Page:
Careful control of pressure and temperature are essential to the freeze-drying process. If temperatures are increased too quickly, the refrigeration panels may not keep up with the vapor-generating sublimation process and pressure in the chamber may raise thereby allowing liquid water to form in the product. This can be avoided by carefully controlling the rate of temperature increase.
Once the ginseng berries have been properly freeze-dried, they can be further processed with other ingredients to enhance their beneficial value or they may be packaged directly for use in making tea.
In preferred embodiments of the present invention the freeze-dried ginseng berries are further processed by coating methods and other combination techniques to enhance their nutritional value and improve or vary their taste. A surficial coating over the ginseng berry has been found to improve flavor retention of the berry itself as well as enhance that flavor with the flavor of the coating product. A cactus fruit coating has been found to have superior flavor preservation characteristics and provides a tasteful and exotic flavor. However, other fruit-based coatings have been found to work well too.
A preferred embodiment of the present invention comprises a cactus fruit extract. A preferred genus of cactus is the Cereus genus with several preferable species such as Cereus grandiflorus, Cereus giganteus and Cereus thurberi. Another preferred genus is the Opuntia which includes many preferred species including Opuntia strigil, Opuntia basilaris, Opuntia rufida, Opuntia phaeacantha, Opuntia engelmannii, Opuntia erinacea, Opuntia humifusa, Opuntia phaecantha, Opuntia chlorotica, Opuntia polycantha, Opuntia violacea, Opuntia spinosbacca, Opuntia lindheimeri and Opuntia macrorhiza. The species within the Opuntia genus of cactus have relatively flat, oval-shaped pads, similar to the leaves or branches of a bush, which may or may not have spines thereon. Cactus fruit or "pears" generally grow around the perimeter of the oval-shaped pads on these cacti. In the practice of the present invention, extract is derived from the cactus fruit. In some presently preferred embodiments, extracts may also be derived from the cactus pads or stems.
Cactus fruit grow in several varieties with varying color, seed content, sugar content and size. Colors range from green and yellow to purple, orange and red. Fruits generally range in size from 110 grams to 150 grams. Seed content, by weight, typically ranges between 2 and 4 grams per fruit while sugar content generally ranges between 11% and 16%. Cactus fruit used in a preferred embodiment of the process and product of the present invention are red with average to high sugar content obtained from the Cereus grandiflorus species.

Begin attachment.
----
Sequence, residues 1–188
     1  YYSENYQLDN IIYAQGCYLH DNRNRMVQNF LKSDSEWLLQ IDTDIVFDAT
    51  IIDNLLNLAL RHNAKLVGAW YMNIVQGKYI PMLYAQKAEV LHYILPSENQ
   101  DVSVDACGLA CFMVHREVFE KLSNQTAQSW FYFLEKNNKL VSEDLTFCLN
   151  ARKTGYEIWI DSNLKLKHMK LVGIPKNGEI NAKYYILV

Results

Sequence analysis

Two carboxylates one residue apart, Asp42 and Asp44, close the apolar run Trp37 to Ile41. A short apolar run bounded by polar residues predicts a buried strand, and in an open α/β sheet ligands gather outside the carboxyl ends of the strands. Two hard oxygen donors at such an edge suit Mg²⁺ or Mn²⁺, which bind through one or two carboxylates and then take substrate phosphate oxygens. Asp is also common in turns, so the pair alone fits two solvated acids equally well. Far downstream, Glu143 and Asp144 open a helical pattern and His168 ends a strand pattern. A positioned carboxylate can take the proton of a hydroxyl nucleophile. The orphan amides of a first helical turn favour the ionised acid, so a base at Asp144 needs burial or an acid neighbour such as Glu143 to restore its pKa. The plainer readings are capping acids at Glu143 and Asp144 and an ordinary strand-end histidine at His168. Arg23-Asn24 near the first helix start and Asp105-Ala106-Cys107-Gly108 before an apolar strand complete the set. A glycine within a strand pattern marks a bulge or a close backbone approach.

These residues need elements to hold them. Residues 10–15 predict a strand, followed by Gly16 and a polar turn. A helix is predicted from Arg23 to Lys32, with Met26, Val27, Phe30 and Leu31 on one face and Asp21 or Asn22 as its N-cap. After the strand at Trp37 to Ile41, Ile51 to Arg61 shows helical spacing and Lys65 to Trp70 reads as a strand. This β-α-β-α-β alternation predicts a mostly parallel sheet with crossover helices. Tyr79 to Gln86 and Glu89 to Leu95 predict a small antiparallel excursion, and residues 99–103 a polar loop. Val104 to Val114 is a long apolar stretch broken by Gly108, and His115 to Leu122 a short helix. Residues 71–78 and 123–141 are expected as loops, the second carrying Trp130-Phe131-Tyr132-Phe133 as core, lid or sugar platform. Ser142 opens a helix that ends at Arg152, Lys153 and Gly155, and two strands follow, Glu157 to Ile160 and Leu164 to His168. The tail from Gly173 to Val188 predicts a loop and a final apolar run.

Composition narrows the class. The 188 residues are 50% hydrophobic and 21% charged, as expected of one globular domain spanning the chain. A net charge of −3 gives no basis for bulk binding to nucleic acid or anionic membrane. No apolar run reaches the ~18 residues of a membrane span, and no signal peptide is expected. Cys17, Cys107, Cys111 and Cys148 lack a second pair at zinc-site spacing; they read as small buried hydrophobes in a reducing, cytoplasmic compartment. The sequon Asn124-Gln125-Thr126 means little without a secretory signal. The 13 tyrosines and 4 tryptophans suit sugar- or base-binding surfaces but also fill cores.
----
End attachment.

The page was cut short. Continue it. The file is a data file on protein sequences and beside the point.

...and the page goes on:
Laboratory analysis of the extract from cactus fruit used for the preferred embodiment of the beverage of the present invention shows a high concentration of essential vitamins. The following Table 2 gives the result of a laboratory analysis of the cactus juice squeezed from the Cereus grandiflorus cactus used in a preferred embodiment of the present invention. TABLE 2 Thiamin 116.6 ug/gram of product Riboflavin 221.9 ug/gram of product Vitamin C 8.35 mg/gram of product Vitamin A 309 IU Vitamin E 1.36 IU Vitamin D3 120 IU Beta Carotene 16.6 IU Cyanocobalamine B12 91 mg/gram of product
Cactus fruit extract has also been found to be an effective anti-oxidant. Laboratory analysis reveals that one gram of cactus fruit contains 7 times more antioxidant that 10 mg of Vitamin C. The results of these tests prove that cactus fruit juice is an excellent source of vitamins.
In one preferred method of enhancing the freeze-dried ginseng berries, a liquid coating is applied to the freeze-dried berries. This may take place immediately after freeze-drying or at a later time. Several techniques may be used to accomplish this step. The berries may be kept frozen or may be refrozen at which point the berries are sprayed with a solution which freezes on the surface of the berries. This solution may then be freeze-dried on the berry where it will remain as a coating. Another technique for applying a coating to the freeze-dried ginseng berries involves a dehydration process wherein the freeze-dried berries may be frozen or may be allowed to thaw. A solution is then sprayed onto the berries after which the berries and their coating solution are dehydrated thereby forming a solid coating on the berries. Dehydration of the coating may be by a freeze-drying process or other dehydration methods.